tmbt: dying fantasy

I’ve never really thought about someone in my life dying before, except for maybe my mother who has had a couple of intense medical issues in recent years. Right now though, and lately, I’m thinking about death. I’m thinking about the possibility, (bah! the absolute) that someone I love dearly will die, many of them in fact. Maybe much sooner than I’d expect. I could come home one day from a walk and there’d be a body lying on the floor, the body I left glowing and smiling, and there it would be lifeless and simply… gone. Or an unfamiliar number would appear one afternoon and on the other line would be a voice confirming that this was, indeed “the call”. Or that I would be the one to make that call for another.

kilimanjaro-stars-time-lapsedanheller2

There are so many ways to lose someone. We are lost millions of times over each day in small ways, and large. Every loss, every broken glass, every missed moment is a death, a reminder.

Fragile. Life is so very fragile. And no matter how important someone is, how much I love them, how much I think I could never live without them, they will be gone some day. I will be gone some day, leaving them stunned on the other end of that call. Does that make things scary, tentative, and well, incredibly fragile? Yes, so much so.

It also makes them unbearably precious, invaluable, and dear beyond belief. So. Very. Dear.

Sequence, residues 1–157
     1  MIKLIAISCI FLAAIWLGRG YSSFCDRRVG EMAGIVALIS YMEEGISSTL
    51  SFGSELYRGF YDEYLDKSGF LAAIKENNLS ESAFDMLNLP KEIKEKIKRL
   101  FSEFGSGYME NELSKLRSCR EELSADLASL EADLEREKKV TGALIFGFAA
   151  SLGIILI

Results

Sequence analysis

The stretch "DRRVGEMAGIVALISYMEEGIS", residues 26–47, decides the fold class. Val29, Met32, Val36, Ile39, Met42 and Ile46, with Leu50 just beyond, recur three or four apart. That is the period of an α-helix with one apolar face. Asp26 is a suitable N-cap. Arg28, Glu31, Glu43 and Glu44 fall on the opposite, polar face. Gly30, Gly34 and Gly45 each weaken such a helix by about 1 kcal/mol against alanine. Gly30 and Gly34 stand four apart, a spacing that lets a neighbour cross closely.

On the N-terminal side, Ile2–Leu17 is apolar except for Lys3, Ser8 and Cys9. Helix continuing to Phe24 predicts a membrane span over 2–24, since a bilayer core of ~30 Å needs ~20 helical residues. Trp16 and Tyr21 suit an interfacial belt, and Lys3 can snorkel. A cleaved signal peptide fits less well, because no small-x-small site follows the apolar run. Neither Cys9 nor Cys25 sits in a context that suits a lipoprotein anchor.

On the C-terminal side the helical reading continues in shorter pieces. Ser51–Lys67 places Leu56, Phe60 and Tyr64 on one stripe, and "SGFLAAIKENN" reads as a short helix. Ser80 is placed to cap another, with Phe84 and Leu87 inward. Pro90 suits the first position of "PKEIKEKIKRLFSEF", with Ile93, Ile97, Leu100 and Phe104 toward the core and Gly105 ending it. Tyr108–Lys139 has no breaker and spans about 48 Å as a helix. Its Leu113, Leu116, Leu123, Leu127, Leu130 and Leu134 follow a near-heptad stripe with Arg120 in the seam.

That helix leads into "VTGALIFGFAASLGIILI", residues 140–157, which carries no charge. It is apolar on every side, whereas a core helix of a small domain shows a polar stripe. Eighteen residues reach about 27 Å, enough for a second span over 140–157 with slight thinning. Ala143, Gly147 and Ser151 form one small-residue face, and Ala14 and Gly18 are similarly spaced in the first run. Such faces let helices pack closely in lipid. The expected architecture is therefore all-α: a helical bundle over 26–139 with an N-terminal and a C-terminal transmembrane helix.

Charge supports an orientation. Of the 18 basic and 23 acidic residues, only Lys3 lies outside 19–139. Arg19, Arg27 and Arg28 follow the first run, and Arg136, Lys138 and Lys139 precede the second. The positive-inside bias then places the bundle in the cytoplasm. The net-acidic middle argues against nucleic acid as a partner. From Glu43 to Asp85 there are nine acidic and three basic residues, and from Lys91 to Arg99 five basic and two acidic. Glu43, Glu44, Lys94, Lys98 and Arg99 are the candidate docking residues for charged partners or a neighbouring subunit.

So, tonight as my mind wonders down the what-ifs and oh-no’s of loving the people in my life, that meandering also reminds me acutely of the reason for this fear, for this dread of the certain: I have something so intensely beautiful to cause me this worry. And I know deep down that the thing to do is make sure I squeeze as much out of life, out of myself, for myself and for them as I can. Love them with all my might, that is what there is to do. And love this breath I am taking right now. And love that I am even given the chance to begin with… to love, to live. To have this beautiful love, this beautiful life.

Photo: Dan Heller. See this and more of his work at www.danheller.com.

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~ by HeatherArtLife on January 10, 2009.

2 Responses to “tmbt: dying fantasy”

  1. this is powrful and importent realizion. so much spiritual thought and practices along the years have been dedicated to the this quations which some says is our greatest (and only?!) fear in life, one which when over come, life is can reach its highest.
    at times i expiance this very deeple. feeling phyicaly the lose of myself, loved once and even some which i do not know. unfortunelty it is not strong enough to keep me remebering this at all time. and i go back to old patterns of treating life, less then they need or should. i mean i (we) should rejoice in every moment in life, what else. why to fight, urgue, feel bad and so on. …
    i like your comparison “Every loss, every broken glass, every missed moment is a death, a reminder.” everything is a death but we not always remember it, or we take some things as granted.
    blessings
    dhyan

  2. True stuff that is well said.
    There is very little comfort in giving or recieving trite responses to the ideas or questions about loss and death. Peronally, I have found comfort in the belief that all things happen for their own reason, the reasons who cannot know. All things are as they are supposed to be. Your words are a sign of bravery because you shared them, and tells me that you are not a person who is given life, simply to waste it and take up space.
    Thanks for sharing!
    peacefulowlphotography.wordpress.com

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